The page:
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Five African teams qualified for the World Cup, but when will one win?

ARI SHAPIRO, HOST:

Africa has produced a significant number of world-class soccer players. Five teams from the continent qualified for this year's World Cup in Qatar. But it's been 12 years since the World Cup in South Africa, the first FIFA World Cup on African soil. And with so much homegrown talent, why hasn't the continent been able to produce a team that can nab the gold trophy? Mpho Lakaje reports from Johannesburg.

(SOUNDBITE OF VUVUZELAS BLOWING)

MPHO LAKAJE, BYLINE: The iconic FNB Stadium in the township of Soweto, packed to the rafters - vuvuzela-blowing South Africans cheered on the inaugural match of the first African World Cup in 2010. South Africa delivered a world-class tournament.

DANNY JORDAAN: This was against the strong campaign of Afropessimism. Are they going to be ready? Aren't we taking a risk?

LAKAJE: Danny Jordaan was the man who led South Africa's successful 2010 FIFA World Cup bid.

JORDAAN: What the World Cup has done, it has dispelled the whole notion of African pessimism.

LAKAJE: But what it hasn't been able to do is to help produce a winner from the African continent. Danny Jordaan says the continent's lack of infrastructure is among the many factors stifling soccer development.

JORDAAN: We don't even have world-class stadium on the continent that 22 out of 54 countries cannot play home internationals in their own country.

(SOUNDBITE OF SOCCER BALL BEING KICKED)

LAKAJE: Africa certainly doesn't have a shortage of talent - Sadio Mane, Mo Salah and Didier Drogba, to name but a few. But nearly all of its most gifted players end up playing abroad.

(CROSSTALK)

LAKAJE: In Evaton, a township just south of Johannesburg, one soccer academy is hoping to rectify this. Named after the Spanish LaLiga club, Celta Vigo, who recently announced a partnership, they are investing in local talent and training facilities. Soccer players in their teens are working hard, training on a soccer pitch that has patches of gravel.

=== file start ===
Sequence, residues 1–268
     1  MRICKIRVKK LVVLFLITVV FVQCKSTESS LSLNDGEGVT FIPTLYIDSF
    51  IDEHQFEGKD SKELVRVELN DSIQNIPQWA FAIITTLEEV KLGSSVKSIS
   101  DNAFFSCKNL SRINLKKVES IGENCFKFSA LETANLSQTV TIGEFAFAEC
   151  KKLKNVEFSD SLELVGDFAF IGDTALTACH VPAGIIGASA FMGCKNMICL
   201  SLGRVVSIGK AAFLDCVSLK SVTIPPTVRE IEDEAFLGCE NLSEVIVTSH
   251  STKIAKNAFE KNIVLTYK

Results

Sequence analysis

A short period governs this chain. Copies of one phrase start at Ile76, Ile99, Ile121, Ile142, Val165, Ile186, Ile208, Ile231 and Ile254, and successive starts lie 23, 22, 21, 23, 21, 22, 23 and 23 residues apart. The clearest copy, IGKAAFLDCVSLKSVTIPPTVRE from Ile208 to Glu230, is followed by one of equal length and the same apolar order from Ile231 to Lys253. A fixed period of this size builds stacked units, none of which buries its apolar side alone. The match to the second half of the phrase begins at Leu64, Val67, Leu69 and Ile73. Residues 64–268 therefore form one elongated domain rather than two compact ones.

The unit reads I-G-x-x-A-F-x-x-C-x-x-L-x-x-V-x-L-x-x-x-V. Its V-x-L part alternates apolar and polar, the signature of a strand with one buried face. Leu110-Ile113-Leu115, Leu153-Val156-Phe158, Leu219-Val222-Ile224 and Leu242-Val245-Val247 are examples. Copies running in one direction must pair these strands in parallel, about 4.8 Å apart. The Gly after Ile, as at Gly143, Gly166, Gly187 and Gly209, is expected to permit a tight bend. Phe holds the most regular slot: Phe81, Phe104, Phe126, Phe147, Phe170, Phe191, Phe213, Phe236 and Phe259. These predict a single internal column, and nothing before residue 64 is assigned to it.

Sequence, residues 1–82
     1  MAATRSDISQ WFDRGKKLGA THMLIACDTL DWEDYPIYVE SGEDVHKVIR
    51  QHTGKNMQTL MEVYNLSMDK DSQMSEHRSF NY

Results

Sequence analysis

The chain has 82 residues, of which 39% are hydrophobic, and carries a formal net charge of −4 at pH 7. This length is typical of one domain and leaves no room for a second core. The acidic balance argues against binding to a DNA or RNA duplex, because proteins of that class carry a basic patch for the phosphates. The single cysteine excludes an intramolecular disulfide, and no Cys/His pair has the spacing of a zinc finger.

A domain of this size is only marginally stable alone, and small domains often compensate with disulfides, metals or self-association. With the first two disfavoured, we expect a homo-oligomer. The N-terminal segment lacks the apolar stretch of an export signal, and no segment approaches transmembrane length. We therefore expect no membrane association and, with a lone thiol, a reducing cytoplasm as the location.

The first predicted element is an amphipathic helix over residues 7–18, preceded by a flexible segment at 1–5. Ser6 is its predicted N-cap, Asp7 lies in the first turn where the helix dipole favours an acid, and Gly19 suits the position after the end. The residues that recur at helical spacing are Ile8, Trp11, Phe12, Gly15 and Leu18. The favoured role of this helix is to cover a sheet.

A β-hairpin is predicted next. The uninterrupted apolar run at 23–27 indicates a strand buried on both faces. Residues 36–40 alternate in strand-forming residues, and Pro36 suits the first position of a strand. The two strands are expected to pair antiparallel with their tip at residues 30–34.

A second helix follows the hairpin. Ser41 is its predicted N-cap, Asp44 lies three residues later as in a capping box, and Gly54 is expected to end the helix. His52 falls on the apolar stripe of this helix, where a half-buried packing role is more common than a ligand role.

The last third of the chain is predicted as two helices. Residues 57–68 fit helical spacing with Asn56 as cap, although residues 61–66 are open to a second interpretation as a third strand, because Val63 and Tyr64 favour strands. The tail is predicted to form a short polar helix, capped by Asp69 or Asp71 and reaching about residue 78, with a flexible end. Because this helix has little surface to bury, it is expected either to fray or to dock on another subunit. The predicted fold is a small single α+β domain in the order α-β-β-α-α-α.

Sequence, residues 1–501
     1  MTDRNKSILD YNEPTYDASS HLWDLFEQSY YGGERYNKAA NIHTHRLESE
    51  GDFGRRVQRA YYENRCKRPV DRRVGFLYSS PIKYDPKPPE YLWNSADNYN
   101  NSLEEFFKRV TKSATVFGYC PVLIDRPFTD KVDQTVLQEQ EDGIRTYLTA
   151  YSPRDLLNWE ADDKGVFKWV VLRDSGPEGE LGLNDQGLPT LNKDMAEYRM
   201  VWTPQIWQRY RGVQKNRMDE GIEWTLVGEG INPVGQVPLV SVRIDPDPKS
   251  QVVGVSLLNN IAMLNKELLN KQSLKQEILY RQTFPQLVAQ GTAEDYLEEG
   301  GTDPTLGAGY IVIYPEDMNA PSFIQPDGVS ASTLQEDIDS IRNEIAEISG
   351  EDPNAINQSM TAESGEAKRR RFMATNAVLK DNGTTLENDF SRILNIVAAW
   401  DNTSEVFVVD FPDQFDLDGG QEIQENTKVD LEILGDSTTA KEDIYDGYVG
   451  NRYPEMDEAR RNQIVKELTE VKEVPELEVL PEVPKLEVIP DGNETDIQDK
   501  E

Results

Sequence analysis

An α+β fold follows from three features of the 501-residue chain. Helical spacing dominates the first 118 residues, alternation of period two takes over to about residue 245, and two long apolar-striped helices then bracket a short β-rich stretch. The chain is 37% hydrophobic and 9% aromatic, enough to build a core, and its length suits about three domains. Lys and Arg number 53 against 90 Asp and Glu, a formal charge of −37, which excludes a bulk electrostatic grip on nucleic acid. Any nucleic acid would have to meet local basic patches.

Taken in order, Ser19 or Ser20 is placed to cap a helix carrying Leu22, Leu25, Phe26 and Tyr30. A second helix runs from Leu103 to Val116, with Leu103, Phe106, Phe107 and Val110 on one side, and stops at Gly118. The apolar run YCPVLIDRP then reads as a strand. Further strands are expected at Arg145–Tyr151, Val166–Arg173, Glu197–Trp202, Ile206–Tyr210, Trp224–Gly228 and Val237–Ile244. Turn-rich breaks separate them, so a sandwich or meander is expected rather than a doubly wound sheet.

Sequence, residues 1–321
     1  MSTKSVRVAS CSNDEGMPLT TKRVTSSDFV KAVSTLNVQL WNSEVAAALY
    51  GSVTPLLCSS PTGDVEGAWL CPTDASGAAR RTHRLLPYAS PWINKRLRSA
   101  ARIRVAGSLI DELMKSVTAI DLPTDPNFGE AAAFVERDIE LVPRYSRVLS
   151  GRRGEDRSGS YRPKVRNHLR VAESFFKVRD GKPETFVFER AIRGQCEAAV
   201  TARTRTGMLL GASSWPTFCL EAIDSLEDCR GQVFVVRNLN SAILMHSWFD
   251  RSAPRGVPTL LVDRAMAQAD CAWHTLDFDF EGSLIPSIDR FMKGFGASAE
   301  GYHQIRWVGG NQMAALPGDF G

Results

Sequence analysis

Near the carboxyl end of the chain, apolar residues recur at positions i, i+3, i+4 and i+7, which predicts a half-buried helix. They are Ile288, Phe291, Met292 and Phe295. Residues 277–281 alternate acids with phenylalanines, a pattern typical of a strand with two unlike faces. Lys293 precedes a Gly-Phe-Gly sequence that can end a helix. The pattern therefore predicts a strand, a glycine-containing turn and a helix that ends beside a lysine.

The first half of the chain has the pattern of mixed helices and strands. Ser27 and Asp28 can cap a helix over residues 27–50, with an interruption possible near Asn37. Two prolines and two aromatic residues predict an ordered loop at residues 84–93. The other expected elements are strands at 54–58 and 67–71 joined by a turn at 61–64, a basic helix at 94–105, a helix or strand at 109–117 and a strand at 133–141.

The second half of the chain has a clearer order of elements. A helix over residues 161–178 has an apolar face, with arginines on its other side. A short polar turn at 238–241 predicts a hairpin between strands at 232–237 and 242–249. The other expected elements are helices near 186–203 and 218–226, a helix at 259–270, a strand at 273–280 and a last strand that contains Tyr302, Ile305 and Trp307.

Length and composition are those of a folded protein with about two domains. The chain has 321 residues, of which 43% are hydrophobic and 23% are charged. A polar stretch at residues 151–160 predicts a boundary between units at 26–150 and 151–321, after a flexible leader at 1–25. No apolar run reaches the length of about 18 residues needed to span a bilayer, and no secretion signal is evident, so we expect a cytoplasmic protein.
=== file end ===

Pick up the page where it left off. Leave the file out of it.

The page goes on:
THEMBA DLAMINI: Kids will come here, walking about 30 minutes to-and-fro.

LAKAJE: Themba Dlamini, the founder of the academy, says he is trying his hardest to get the best out of his youngsters.

DLAMINI: Sometimes they don't have resources, soccer balls to play soccer, and they don't have something to eat. And it's very difficult because we don't have sponsors.

LAKAJE: His young players certainly have the will to win.

SAMKELO NHLONGWANE: (Non-English language spoken).

LAKAJE: "Soccer is something that I love," 16-year-old Samkelo Nhlongwane tells me. "Whenever I get here, I find joy. I have found a family. When I grow up, I would like to play in LaLiga in Spain. Right now, at the FIFA World Cup, I support Brazil because it has plenty of quality."

KWANDOKUHLE HLENTI: (Non-English language spoken).

LAKAJE: "When I play soccer, I am at peace," Kwandokuhle Hlenti tells me. "When there are problems at home, I can cool my head on the pitch. I would like to play on a professional level." He also tells me that he supports Brazil and France at this year's World Cup because they both have top players.

(SOUNDBITE OF SOCCER BALL BEING KICKED)

LAKAJE: Danny Jordaan says the future of African soccer will rely on proper investment and development.

JORDAAN: I think you will see greater development drives on the continent, and I think at the next World Cup, we will be able to see the impact of that investment.

LAKAJE: Africa has a dream of seeing an African nation lift the World Cup trophy, and that dream is certainly within reach. But maybe not just yet. Mpho Lakaje, Evaton outside Johannesburg.

(SOUNDBITE OF MUSIC) Transcript provided by NPR, Copyright NPR.

Mpho Lakaje